CBSN

Bush: Democracy Deficit In Mideast

President Bush speaks Thursday, Nov. 6, 2003, at the 20th anniversary of the National Endowment for Democracy at the U.S. Chamber of Commerce in Washington.
AP
President Bush called Thursday for democratic reforms in the Middle East, saying that "freedom can be the future of every nation."

Mr. Bush said the stakes were particularly high in Iraq, where a U.S.-led coalition toppled Saddam Hussein's rule. "The failure of Iraqi democracy would embolden terrorists around the world," the president said.

The president said he embraced the view that the global wave of democracy has barely reached the Arab states. But he is confident that u.s.-led efforts in Iraq will pay off and point the way for tyrannies such as Syria and Iran, reports CBS News White House Correspondent Mark Knoller.

Mr. Bush spoke to the National Endowment for Democracy, a group that champions democratic gains around the world, on the same day that he was signing an $87.5 billion package approved by Congress for military and reconstruction operations in Iraq and Afghanistan.

He said the United States and other nations shared blame for the lack of democratic freedoms in the Middle East.

"Sixty years of western nations excusing and accommodating the lack of freedom in the Middle East did nothing to make us safe because in the long run stability cannot be purchased at the expense of liberty," Mr. Bush said.

"These are not the failures of a culture or a religion," the president said. "These are the failures of economic and political doctrine." He said countries like Iraq and Syria had promised their citizens national honor but left instead a legacy of torture and oppression.

"As long as the Middle East remains a place where freedom does not flourish, it will remain a place of stagnation, resentment and violence ready for export. And with the spread of weapons that can bring catastrophic harm to our country and to our friends, it would be reckless to accept the status quo," Mr. Bush said.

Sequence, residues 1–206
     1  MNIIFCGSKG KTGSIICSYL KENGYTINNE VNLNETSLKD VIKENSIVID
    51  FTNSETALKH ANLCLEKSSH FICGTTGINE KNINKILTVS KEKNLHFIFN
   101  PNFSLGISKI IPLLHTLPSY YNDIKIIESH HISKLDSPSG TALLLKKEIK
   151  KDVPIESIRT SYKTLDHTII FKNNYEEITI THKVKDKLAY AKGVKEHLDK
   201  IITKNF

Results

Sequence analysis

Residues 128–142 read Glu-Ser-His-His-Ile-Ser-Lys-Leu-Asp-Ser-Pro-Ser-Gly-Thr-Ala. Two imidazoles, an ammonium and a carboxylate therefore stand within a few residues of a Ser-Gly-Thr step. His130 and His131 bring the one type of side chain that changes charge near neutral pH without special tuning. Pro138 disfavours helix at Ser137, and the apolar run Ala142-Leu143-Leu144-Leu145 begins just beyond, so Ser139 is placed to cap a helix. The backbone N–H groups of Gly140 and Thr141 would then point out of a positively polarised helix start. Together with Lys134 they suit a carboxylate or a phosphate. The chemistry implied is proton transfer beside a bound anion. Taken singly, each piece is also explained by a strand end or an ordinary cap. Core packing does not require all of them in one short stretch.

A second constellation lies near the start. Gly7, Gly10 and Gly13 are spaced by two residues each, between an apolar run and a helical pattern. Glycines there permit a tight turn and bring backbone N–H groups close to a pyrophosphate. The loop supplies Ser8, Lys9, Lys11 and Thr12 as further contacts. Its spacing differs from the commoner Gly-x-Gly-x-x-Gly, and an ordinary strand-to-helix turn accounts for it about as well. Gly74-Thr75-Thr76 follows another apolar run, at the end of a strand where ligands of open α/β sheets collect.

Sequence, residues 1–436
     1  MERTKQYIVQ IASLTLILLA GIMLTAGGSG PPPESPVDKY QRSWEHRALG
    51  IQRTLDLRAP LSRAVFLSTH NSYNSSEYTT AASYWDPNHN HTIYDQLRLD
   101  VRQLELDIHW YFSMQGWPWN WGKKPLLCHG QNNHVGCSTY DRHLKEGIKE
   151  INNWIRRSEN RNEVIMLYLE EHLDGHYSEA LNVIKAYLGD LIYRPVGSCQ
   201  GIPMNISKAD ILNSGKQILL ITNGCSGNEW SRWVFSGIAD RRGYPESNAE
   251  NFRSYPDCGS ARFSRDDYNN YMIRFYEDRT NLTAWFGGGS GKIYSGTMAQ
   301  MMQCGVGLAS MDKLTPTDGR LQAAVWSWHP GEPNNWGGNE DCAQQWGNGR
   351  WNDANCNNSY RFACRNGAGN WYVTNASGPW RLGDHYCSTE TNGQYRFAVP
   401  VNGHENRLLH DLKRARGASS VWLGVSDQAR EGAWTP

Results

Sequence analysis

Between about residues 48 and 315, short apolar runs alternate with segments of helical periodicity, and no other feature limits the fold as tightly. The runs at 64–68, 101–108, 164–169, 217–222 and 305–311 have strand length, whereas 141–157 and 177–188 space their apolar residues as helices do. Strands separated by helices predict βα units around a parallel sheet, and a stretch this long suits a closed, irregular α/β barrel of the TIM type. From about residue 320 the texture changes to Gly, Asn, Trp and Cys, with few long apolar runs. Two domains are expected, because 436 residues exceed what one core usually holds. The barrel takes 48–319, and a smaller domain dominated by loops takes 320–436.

As a result, he said the United States "has adopted a new policy," which he described as "a forward strategy for freedom in the Middle East."

"This strategy requires the same persistence and energy and idealism we have shown before — and it will yield the same results," he said. "We believe that liberty is the design of nature. We believe that liberty is the direction of history."

Mr. Bush heralded steps toward democracy in some Mideast nations, mentioning Morocco, Bahrain, Saudi Arabia and Egypt.

"Many Middle Eastern governments now understand that military dictatorship and theocratic rule are a straight smooth highway to nowhere."

He said Saudi Arabia was taking the first steps towards reforms with elections with plans for its first local elections.

"By giving the Saudi people a greater role in their own society, the Saudi government can demonstrate true leadership in the region," Mr. Bush said.

He said that Egypt, another powerhouse in the region, "has shown the way toward peace in the Middle East and now can show the way toward democracy in the Middle East."

"Champions of democracy in the region understand that democracy is not perfect," Mr. Bush said. "It is not the path of utopia…"

Mindful of concern about the influence of the United States, the president said, "As we watch and encourage reforms in the region, we are mindful that modernization is not the same as westernization."

"Representative governments in the Middle East will reflect their own cultures. They will not and should not look like us."